The measuring idler-roller 1 possesses a multiplicity of recesses 2. Piezo-electric measuring transducers 3 with cover 4 are inserted into the recesses 2. The measuring transducers 3 are seated between the bottom 9 of the recesses 2 and the cover 4. The cover 4 is provided with a plastic layer 6. A gap 5 appears between the cover 4 of the measuring transducer 3 and the recess 2 of the roller 1 due to the different diameters of the cover 4 and the recess 2, which gap is closed up by the plastic layer 6 upon insertion of the cover.

The diameter of the recesses 2 is chosen so that the cover 4 with the plastic layer 6 before insertion into the recess has a greater diameter than the recess.

In the measuring idler-roller 1 are located bores 8 that accept the measuring wires of the measuring transducers. The bores can lead to a central bore 10 in the roller axis, through which the measuring wires can be lead out of the measuring idler-roller (not represented).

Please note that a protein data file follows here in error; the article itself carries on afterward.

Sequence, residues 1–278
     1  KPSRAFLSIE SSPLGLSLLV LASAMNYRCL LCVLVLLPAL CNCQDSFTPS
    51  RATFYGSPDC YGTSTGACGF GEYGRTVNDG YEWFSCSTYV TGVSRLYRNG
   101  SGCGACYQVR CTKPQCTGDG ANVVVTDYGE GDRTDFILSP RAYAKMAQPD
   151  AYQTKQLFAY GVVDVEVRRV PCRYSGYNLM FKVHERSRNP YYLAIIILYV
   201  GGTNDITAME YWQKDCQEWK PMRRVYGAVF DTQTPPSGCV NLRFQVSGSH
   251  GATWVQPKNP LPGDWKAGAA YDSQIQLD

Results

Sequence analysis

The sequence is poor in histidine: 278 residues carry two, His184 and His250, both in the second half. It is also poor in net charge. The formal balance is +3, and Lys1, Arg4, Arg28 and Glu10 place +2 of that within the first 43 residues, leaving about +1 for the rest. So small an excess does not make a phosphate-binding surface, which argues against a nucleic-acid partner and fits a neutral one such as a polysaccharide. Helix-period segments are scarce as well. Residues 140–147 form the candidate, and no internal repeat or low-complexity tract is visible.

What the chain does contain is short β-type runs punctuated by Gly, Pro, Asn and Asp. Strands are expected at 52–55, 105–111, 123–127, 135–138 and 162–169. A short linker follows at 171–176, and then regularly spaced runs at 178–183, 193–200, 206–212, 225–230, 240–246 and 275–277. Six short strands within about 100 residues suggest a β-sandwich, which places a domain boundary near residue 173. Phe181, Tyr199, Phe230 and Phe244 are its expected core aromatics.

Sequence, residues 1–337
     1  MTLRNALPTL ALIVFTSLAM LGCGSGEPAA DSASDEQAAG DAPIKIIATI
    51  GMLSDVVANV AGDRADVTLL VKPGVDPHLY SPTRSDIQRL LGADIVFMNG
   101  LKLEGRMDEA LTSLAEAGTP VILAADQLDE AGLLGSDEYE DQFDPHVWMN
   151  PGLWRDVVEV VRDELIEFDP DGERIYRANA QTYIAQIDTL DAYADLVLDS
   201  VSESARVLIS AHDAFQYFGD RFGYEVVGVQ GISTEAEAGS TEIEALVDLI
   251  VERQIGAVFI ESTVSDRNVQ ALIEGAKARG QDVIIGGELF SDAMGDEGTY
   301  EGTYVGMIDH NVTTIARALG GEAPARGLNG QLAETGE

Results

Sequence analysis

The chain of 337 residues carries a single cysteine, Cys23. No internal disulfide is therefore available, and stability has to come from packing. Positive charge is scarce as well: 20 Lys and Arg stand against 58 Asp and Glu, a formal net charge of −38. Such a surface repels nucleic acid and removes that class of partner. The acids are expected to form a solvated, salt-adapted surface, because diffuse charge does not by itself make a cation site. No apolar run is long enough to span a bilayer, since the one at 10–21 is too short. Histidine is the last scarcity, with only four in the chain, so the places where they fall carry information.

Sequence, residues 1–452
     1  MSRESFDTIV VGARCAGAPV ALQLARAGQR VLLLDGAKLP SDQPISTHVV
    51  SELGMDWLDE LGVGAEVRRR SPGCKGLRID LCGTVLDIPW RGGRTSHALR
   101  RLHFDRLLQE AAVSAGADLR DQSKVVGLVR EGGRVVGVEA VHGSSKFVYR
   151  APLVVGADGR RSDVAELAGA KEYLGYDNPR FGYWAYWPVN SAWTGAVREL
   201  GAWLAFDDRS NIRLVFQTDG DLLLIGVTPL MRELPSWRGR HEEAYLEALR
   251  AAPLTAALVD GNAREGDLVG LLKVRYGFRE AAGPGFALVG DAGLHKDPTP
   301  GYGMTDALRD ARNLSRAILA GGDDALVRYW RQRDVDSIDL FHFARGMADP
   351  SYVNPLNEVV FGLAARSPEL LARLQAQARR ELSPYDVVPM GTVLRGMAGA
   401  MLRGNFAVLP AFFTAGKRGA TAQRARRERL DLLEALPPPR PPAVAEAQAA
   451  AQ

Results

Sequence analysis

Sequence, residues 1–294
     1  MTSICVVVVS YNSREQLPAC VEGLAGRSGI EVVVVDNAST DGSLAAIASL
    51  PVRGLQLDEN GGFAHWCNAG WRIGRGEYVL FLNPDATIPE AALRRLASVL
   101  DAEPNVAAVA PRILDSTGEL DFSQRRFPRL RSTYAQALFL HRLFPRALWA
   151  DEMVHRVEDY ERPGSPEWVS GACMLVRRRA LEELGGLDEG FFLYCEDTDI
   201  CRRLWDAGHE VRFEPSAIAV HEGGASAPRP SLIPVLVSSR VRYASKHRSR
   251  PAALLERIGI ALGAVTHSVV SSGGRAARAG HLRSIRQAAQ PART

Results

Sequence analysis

For the installation of the cover 4 with the plastic layer 6 into the recess 2, first of all the roller is heated so that the diameter of the recess 2 is enlarged as a result of thermal expansion, and the cover 4 along with the plastic layer 6 are cooled down, so that their diameters are reduced. As a result the cover 4 along with the plastic layer 6 can be inserted into the enlarged recesses 2 without problem. With the warming of the cover due to the temperature difference with respect to the measuring roller and with the cooling of the roller to room temperature, the seating of the cover in the recess is firmly established, the cover being centered by the fact that the gap between the recess and the cover is filled evenly by the plastic layer.

After installation the cover 4 is fixed in the recess 2 by means of a bolt 7. The measuring transducer 3 is designed as a ring that surrounds the bolt 7.